Nike has also benefited from media globalization, as the NBA has developed a following around the world. This is especially true in China, where Nike’s sales have boomed in recent years.
Meanwhile, the company continues to innovate, introducing its Vaporfly 4% running shoe that is so fast that officials debated banning it. The company has also adapted to changing consumer shopping habits, investing in direct-to-consumer connections like apps and experiential stores.
That strategy has delivered steady sales and profit growth throughout the company’s history, and its digital investments put Nike in a position to gain market share coming out of the coronavirus crisis, paving the way for more growth.
Image source: Starbucks.
Starbucks: A coffee pioneer
Starbucks started with a simple idea. On a visit to Milan, Howard Schultz found himself charmed by the cafe culture and the “theater” and ritual around espresso and coffee. Schultz brought the concept back to Seattle, and after opening his own cafe, acquired Starbucks, which was then a small chain of stores selling coffee beans and supplies.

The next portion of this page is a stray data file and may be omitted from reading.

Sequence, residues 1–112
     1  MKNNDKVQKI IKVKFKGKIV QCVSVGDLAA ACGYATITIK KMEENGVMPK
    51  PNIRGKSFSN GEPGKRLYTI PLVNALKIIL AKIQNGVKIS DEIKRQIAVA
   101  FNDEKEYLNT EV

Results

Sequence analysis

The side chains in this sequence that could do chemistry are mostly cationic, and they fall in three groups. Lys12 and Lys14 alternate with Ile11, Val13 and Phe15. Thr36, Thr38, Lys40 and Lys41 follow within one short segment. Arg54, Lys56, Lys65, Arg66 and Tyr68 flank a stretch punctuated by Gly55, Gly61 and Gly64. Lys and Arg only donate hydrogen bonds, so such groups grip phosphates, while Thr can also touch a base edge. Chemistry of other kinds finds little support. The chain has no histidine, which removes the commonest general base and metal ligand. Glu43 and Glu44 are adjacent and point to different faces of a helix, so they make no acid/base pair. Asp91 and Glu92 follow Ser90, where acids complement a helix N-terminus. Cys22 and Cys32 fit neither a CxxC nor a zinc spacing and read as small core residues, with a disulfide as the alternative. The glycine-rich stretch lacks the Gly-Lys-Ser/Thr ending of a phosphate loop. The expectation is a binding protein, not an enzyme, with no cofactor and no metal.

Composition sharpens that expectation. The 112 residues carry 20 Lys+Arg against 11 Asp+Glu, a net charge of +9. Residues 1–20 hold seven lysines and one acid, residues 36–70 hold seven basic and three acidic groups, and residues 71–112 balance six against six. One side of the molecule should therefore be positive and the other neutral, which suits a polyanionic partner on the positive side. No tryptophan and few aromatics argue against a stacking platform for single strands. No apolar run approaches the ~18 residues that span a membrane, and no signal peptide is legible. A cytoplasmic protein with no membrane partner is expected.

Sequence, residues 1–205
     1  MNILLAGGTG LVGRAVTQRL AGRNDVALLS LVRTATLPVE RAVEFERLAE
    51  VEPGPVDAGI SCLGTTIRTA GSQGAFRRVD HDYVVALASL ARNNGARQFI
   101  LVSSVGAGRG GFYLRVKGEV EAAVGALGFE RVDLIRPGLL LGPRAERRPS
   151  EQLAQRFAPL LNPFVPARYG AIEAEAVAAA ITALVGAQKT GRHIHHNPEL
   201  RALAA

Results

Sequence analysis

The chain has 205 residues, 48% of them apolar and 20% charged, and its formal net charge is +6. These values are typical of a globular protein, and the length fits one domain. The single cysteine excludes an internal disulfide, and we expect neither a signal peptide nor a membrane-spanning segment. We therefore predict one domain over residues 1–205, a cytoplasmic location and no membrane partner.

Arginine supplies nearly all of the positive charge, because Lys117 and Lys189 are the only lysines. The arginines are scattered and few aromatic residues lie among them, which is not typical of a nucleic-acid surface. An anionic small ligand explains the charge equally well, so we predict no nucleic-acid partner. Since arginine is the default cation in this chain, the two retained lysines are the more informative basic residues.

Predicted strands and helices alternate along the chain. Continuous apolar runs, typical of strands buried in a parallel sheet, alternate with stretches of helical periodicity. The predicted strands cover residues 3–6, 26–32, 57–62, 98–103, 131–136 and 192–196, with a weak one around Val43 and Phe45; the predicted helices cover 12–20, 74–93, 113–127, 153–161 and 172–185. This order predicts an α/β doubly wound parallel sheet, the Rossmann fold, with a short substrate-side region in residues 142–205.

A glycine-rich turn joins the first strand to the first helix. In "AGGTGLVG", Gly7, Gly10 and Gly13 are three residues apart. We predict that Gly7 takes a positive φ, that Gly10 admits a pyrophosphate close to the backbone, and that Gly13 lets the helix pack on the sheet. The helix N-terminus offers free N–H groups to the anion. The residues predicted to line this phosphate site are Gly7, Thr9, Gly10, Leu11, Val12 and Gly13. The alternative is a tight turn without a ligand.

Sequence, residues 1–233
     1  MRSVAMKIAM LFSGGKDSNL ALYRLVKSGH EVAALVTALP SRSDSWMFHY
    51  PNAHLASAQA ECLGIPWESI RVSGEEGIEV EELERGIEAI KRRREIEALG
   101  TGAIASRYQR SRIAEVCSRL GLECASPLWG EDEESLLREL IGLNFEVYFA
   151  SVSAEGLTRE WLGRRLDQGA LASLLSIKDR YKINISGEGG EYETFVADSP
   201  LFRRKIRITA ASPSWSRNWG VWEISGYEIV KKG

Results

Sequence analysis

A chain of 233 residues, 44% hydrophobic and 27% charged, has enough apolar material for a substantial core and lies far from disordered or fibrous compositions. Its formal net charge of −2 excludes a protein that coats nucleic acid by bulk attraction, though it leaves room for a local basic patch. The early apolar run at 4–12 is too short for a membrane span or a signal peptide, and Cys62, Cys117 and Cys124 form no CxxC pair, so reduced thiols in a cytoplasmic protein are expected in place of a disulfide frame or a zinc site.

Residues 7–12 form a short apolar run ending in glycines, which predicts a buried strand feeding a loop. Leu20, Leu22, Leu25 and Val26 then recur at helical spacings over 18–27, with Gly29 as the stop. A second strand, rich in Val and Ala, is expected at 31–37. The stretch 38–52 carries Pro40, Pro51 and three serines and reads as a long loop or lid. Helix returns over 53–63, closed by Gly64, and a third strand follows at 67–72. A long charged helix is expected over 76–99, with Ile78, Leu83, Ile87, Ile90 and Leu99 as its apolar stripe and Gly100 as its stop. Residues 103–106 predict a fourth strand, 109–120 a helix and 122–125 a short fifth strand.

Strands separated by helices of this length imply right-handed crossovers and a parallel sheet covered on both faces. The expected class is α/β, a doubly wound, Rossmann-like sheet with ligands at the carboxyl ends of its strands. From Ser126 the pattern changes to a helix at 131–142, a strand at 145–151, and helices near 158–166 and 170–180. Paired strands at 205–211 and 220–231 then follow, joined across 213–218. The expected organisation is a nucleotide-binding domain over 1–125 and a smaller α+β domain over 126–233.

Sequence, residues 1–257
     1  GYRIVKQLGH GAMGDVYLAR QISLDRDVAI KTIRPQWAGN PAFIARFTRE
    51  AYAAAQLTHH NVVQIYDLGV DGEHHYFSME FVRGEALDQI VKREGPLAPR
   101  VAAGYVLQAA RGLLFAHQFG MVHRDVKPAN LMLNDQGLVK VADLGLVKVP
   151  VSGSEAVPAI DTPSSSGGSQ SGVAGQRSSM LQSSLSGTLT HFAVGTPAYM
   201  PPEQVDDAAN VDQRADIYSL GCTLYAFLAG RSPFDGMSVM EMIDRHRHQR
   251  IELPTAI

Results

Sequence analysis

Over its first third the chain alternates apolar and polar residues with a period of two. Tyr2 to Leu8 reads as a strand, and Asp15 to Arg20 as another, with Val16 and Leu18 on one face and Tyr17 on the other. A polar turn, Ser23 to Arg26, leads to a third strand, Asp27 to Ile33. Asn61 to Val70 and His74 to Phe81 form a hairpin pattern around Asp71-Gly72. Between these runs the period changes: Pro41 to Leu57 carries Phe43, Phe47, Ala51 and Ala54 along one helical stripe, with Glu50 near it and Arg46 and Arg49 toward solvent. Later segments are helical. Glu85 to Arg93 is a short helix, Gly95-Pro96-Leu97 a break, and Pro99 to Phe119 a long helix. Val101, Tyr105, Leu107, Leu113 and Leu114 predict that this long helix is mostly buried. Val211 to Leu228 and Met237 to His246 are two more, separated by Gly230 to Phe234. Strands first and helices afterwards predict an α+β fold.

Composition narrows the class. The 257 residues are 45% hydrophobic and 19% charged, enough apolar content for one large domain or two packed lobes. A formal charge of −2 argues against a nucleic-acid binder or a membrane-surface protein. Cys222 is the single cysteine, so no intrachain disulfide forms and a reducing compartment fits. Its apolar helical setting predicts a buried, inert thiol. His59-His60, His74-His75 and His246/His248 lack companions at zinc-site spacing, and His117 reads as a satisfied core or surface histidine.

The rest, as they say, is history. Starbucks expanded across the country, introducing the new cafe concept to a country eager to enjoy the experience that mesmerized Schultz. Its focus on being a “third place” away from work and home proved popular, as did its commitment to customer service and a premium experience. Since its 1992 IPO, Starbucks has returned more than 25,000% with dividends reinvested.
Starbucks has built a coffee empire with more than 30,000 stores around the world, and a supply chain that fills supermarkets and other retail establishments with bagged Starbucks coffee and proprietary products like bottled Frappuccinos. Starbucks has also built an impressive business in China, now its second-biggest market, where it’s opening roughly 500 new stores annually. Schultz believes that China could one day be the company’s biggest market, ahead of the U.S.